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Headless Virgin

I have no idea how this virgin lost her head, or why she still stands behind bars in this niche cut into the aqueduct which runs through Oaxaca.

She is the Virgen de Juquila, famous because a 30 cm statue of her survived a fire that destroyed the entire village in which it was located in 1633. Since the 18th century, the statue has resided in Santa Catarina Juquila. Replicas like this one are found all over Oaxaca.

Thousands of people make pilgrimages to visit the Santuario de Juquila annually, presumably to ask favors of her or just to be close to the power they attribute to a miracle.

Why is it that we as humans have this need for something all powerful, something which can solve our problems, something which will maybe even save us from death?

Is it something born of our ability, unlike most animals, to comprehend the passage of time, the existence of a past and future?

Does our knowledge of the future, which inevitably contains our death, terrify us so?

I know that, as my past grows longer and my future shorter, I contemplate the inevitable more often. I long ago passed the point where I had lived longer than I was going to live going forward. I have most likely now passed the midpoint of my adult life as well. It is an interesting feeling for someone such as myself, having no belief in an afterlife.

Yesterday, I had lunch with an older friend who just lost her sister to cancer. She asked me if I believed in an afterlife, already knowing my answer. I said no, but anything is possible. That is the kindest way I can honestly respond to such a question. I could tell by her demeanor that she desperately wants her faith to be true, and for her sake, I wish it too, but I doubt that it is.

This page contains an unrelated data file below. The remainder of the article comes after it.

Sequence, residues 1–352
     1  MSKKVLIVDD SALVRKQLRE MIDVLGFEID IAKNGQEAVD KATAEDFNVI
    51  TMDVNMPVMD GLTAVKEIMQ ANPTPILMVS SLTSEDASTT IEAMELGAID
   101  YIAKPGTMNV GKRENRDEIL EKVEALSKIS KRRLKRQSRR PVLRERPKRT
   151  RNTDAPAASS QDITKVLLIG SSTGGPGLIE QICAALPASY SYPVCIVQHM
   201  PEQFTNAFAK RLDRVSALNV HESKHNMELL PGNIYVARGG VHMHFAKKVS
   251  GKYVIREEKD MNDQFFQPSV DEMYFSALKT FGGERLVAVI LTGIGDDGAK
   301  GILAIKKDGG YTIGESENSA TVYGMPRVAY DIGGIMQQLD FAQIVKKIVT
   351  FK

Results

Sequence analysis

It is a blessing that we learn as children that there is no Santa Claus, no Tooth Fairy, no Easter Bunny. I think it is cruel that people are conditioned to continue to believe in a supernatural caretaker and an afterlife. Because of that belief, they never learn to face the finite nature of both our lives and our relevance to the universe.

Belief in an almighty God brings a life where many of your most vexing questions are answered for you, notably the question of what happens after you die. It also brings a life of confusion and disappointment, where you have to reconcile the many horrors of life on Earth with the supposed benevolence of a Creator, where prayers go unanswered, and where good people die young and evil people thrive. A world where justice does not often prevail, and few reach their potential.

It makes one wonder, did this headless saint worship a heartless God?

One thought on “Headless Virgin

  1. Why is it that we as humans have this need for something all powerful, something which can solve our problems”

    I’ve thought of lottery tickets being emblematic of our belief in the long-shot, but you have a good point. Maybe they are this instead (or also). But I guess that belief in these miracles or deities is the same as buying a lottery ticket – a long-shot gamble for our salvation.

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